I spent last night at a high-end vodka tasting in San Francisco, choosing to break my normally strict policy about not attending industry dinners or tasting events. I find that I rarely learn more about a brand or product at a large gala than I do in the privacy of the K&L tasting bar, so it's never been a tough decision for me. Yesterday's tasting, however, was something that really piqued my curiosity, so I made an exception. I get a kick out of understanding things that others shrug off, and an even bigger kick out of pointing out to spirit-loving hipsters about why their anti-vodka stance is just as trendy and clichéd as their hatred for all things trendy and clichéd. That's part of what's fueling my recent fascination with vodka appreciation. That and the fact that the world consumes more than four times the amount of vodka than it does whisky. According to the Economist, "Russians alone downed nearly 2 billion litres of the stuff in 2012, equivalent to 14 litres for every man, woman and child. (Unsurprisingly, perhaps, Russians are among the biggest drinkers in the world, according to the most recent World Health Organisation data.)"
There is such a thing as quality vodka. Despite the fact that most vodka is neutral in flavor, there are differences in the way they taste and in how they are perceived on the palate. They differ in weight. They differ in purity. They differ in distillation methods. They differ in base materials. Water plays a big role. Filtration plays a big role. Yet, vodka has played the same role for educated spirits drinkers that white zinfandel long played for educated wine drinkers – it epitomized unsophistication, and no one wants to appear like they're unsophisticated in the food and wine world. But much like quality rosé has shed its association with jugs of Carlo Rossi here in California, I think it's time we start separating the wheat vodkas from the chaff. There are reasons that vodka continues to sell strongly all over the world (at both high and low prices) and there are plenty of people out there who appreciate it. How can I (or anyone, for that matter) consider myself a true student of booze if I'm completely writing off the most popular and widely consumed spirit on the planet? Sounds pretty foolish, right?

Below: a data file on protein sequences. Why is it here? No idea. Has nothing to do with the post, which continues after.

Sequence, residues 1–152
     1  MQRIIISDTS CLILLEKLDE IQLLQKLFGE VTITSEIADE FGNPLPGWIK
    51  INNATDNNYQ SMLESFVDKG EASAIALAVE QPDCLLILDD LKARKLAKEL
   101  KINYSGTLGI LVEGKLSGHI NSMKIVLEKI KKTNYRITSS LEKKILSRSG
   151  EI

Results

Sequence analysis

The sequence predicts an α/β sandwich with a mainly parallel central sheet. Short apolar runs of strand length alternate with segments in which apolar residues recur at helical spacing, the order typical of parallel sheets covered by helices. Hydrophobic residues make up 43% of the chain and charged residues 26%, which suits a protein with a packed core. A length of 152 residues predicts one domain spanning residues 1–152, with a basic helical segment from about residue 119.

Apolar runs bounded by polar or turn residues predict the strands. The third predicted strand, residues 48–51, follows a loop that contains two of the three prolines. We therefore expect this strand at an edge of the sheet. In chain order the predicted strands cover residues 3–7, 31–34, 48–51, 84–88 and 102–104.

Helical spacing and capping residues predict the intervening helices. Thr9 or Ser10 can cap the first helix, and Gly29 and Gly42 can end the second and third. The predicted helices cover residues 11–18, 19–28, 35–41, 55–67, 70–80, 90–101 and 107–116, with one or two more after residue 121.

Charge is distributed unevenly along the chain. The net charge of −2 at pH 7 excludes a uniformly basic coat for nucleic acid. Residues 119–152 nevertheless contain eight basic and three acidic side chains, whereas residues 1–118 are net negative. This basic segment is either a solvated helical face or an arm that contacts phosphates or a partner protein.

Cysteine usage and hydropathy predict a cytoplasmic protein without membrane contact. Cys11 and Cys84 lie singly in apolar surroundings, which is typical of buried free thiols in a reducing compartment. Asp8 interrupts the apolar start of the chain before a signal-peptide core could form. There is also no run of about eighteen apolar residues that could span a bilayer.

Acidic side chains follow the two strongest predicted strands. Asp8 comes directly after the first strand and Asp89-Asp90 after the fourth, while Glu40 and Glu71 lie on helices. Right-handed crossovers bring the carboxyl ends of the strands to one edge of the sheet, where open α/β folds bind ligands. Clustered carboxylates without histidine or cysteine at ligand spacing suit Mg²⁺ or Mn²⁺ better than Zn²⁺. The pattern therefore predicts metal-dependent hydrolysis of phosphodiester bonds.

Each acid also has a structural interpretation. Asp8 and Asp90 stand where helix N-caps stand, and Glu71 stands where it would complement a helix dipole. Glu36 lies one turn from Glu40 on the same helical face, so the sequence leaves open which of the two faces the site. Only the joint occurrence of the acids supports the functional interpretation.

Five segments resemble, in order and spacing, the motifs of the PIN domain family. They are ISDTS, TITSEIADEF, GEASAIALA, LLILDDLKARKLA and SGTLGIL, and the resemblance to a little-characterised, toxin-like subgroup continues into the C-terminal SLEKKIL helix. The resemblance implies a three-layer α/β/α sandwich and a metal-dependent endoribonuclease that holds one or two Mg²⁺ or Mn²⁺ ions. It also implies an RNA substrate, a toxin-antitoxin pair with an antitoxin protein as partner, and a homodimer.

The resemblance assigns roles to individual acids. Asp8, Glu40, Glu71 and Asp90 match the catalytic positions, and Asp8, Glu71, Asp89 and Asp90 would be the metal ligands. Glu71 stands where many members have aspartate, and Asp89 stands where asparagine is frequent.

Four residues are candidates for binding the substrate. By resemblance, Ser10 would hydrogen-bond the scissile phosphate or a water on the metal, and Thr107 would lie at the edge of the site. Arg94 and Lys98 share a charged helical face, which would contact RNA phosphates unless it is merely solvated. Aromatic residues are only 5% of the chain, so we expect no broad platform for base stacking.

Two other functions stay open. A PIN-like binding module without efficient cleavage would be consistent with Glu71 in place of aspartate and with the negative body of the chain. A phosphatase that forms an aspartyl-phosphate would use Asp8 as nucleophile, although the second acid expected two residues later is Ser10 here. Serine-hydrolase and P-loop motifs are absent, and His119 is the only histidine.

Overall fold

When I sat at that tasting last night and I went through the various glasses, I was quite surprised at how un-neutral many of the vodkas appeared on the nose. Some smelled like lime, others like lime with PineSol (that was Ciroc). Some were hot and spicy, while others soft and supple. Many people in the audience reacted positively or negatively to these qualities. I was proud of myself for being able to pick out the Absolut Elyx from the bunch, meaning that I recognized a flavor and profile that was distinct from other vodkas, and I was surprised by how different it was from other brands like Grey Goose, Ketel One, and Belvedere. I'm a bit embarrassed by my lack of vodka knowledge, about the fact that I don't know much about fermentation, distillation, or how filtration affects flavor. I know people laugh at these aspects of production because there's not much flavor when it comes to vodka, but in my opinion these slights are misguided. There's something going on with vodka and millions of vodka drinkers prove that everyday.
Perhaps the best part about vodka is the lack of pretense. Because there's so much nuance and so little boutique culture, there's little snobbery within the aficianado community – that being said, there's a ton of snobbery from the anti-vodka aficianado community to make up for it. But this extreme gulf is what intrigues me right now. I'm searching for enlightenment. Maybe vodka appreciation is the most advanced form of spirits appreciation, rather than the least. Maybe it takes the most sophisticated palate to figure out what quality is! Can one even approach vodka like one approaches other spirits? How does one determine quality? What makes one better from another? I'm going to find out. I'm personally going to drink nothing but vodka for the next week and write about what I learn.
And, of course, I'll share everything with you here.